The summary of Maggie in 2015

Last week I wrote about the science and how far it’s progressed. This week I wanted to reflect on how Maggie has changed, how much she has accomplished, how Rett Syndrome continues to affect her and how she continues to push back.

A year ago she was barely making any sounds at all. We started thinking we would never hear her voice again – but she’s really started to find a voice of late. She can’t speak, and doesn’t use any words. But living through it, we take any vocalization at all as a victory. She’s been playing the screaming game – where she will scream, with a smile on her face, and wait for us to scream back. It’s not talking, but it is communication and I’ll take any step in the positive direction. Heck, a year ago, we had just received her eye gaze device and now I can’t imagine what we did without it.  She’s occasionally navigating through pages and looking for the things she wants to say, using it appropriately and impressing us with how she uses.  It’s still a work in progress.  They haven’t seen very many positive results at school and we see less positive results at home than we do at her speech therapist’s.  Hopefully that’s just her learning how to communicate with multiple communication partners.

Her breathing has gotten worse and while we couldn’t even imagine what “breathing issues” were that we hear so many families struggle with a year ago- now we know it all too well.  She is more or less constantly sucking in air.  It’s not because she can’t get enough oxygen, it’s because her brain isn’t automatically letting her breathe.  It’s a struggle to watch and there is absolutely nothing we can do for it.  A treatment for Rett Syndrome would address this, but there is no other medicine that we’ve found that would help.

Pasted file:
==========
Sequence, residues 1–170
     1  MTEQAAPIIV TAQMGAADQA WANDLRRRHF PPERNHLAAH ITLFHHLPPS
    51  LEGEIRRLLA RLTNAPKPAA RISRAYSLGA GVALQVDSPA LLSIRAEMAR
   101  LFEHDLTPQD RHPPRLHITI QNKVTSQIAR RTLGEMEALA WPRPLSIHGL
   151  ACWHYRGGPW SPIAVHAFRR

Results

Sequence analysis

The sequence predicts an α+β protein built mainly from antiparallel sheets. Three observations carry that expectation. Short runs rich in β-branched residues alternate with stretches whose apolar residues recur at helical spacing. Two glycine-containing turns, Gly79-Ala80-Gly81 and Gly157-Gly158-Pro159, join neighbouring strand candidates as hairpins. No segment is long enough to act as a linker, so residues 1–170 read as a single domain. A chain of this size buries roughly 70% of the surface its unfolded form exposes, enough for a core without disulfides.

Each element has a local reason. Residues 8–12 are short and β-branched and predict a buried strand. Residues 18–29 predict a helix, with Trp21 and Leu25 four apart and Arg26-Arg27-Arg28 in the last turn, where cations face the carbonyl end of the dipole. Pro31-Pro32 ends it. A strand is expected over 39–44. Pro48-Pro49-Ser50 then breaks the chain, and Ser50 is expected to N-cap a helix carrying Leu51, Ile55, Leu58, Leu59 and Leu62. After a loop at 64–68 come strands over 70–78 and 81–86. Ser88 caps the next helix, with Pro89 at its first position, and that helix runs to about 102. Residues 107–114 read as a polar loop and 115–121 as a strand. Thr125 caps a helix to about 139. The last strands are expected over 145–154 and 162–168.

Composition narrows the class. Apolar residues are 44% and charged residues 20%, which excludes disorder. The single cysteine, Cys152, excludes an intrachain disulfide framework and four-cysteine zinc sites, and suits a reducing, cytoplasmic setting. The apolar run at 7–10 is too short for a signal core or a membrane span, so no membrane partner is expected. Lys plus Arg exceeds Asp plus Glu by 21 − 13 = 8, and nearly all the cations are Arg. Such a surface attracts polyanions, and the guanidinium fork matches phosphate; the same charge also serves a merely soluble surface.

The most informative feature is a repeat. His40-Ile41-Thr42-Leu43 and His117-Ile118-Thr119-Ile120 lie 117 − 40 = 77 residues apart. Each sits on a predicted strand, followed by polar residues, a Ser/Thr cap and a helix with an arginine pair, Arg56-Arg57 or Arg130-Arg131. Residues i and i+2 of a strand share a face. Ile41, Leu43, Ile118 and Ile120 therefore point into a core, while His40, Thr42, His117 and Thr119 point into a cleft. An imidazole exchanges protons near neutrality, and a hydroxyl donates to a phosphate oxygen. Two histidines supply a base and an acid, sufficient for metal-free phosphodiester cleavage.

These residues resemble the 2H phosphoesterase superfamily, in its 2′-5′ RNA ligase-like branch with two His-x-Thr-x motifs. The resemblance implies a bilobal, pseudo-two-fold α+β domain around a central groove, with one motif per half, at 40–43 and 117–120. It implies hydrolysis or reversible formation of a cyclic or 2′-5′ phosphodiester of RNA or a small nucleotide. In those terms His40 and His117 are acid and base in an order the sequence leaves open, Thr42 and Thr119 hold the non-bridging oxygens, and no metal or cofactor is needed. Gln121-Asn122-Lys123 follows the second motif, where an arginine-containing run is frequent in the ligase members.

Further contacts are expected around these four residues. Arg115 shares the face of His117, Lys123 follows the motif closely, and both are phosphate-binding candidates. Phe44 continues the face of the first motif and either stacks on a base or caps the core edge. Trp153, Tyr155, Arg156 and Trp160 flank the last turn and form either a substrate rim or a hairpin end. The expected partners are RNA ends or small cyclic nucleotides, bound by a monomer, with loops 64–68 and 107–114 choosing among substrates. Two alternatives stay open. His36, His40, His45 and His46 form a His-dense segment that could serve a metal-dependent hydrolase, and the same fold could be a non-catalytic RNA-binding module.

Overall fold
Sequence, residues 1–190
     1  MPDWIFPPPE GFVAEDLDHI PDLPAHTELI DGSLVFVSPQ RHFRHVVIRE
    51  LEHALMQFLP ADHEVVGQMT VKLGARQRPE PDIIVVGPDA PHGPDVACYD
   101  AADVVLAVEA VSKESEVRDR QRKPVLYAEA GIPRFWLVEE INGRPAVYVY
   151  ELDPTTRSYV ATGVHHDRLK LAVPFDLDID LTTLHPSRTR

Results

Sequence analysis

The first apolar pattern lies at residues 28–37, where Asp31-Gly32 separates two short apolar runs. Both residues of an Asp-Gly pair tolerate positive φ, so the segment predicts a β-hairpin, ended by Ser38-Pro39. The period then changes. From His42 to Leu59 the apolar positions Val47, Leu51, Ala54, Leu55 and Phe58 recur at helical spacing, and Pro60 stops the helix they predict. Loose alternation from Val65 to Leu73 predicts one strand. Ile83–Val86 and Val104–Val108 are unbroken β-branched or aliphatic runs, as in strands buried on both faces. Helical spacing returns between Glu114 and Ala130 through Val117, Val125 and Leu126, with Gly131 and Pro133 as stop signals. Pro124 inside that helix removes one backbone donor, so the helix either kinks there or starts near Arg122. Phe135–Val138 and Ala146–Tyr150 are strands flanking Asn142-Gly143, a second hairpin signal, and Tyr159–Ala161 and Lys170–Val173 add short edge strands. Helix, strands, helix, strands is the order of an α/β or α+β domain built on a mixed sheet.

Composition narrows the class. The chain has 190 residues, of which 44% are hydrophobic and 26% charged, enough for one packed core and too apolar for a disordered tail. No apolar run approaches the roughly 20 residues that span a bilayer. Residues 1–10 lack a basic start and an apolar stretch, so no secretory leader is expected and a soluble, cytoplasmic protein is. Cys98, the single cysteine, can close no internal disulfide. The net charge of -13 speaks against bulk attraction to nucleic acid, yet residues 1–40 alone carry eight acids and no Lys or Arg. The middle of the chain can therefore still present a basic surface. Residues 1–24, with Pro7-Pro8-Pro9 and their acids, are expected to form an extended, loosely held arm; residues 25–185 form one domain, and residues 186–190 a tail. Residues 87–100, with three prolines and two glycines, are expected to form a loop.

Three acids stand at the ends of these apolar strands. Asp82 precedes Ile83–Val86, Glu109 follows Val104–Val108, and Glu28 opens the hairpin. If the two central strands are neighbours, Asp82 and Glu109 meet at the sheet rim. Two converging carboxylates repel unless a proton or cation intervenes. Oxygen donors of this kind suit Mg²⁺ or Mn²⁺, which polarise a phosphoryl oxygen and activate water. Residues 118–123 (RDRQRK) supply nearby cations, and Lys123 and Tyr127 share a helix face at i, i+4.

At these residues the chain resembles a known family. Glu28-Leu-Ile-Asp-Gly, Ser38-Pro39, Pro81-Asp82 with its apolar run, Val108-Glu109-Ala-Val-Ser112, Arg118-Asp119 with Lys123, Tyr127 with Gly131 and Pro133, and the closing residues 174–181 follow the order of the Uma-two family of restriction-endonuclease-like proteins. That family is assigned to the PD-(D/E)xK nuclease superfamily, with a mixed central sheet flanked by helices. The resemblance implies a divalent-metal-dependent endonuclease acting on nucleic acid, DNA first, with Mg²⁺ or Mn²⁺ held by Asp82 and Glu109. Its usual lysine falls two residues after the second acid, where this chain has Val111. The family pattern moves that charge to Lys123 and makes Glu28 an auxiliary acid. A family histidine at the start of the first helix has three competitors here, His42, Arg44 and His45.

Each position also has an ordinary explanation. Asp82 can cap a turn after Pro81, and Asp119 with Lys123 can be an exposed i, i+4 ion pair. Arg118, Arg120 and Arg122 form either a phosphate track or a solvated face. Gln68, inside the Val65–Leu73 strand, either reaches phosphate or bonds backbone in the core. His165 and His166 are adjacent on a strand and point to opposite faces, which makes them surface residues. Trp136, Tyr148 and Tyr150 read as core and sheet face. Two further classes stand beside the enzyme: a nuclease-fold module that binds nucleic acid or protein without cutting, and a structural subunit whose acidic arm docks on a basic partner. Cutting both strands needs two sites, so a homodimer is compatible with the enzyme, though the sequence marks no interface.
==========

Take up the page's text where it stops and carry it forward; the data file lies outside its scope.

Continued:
Her hand strength and function comes and goes.  She is rarely without her two favorite toys, flicking them back and forth with one arm.  However she rarely chooses to do much else with her hands.  We have to remind her to use her hands to pick up a fork or food, move her hands for her for any art project, and help her squeeze her sippy cup with both hands.  We’ve taken to bracing her almost all of the time now so she doesn’t hurt herself.  Even so, she gives herself blisters from rubbing her skin so hard.

Her gross motor skills have gotten better, though her balance is getting worse.  She likes to fall backwards on stairs and in other less than safe arenas.  I like to think of it as her playing a trust fall game without telling anyone about it, but really it’s just a loss of balance.  That said, she is getting better at climbing the stairs and alternating her feet, both up and down.  She still needs some assistance, but progress is being made there.  She is getting better at walking across stepping stones and obstacle courses.  Her core strength continues to impress and she can probably do more situps than either of us at this point.  She needs to work on oblique strength a little, and hip strength in order to move on to the next phase of gross motor development – as climbing independently, sitting on the ground, and the like will continue to be difficult without building that strength.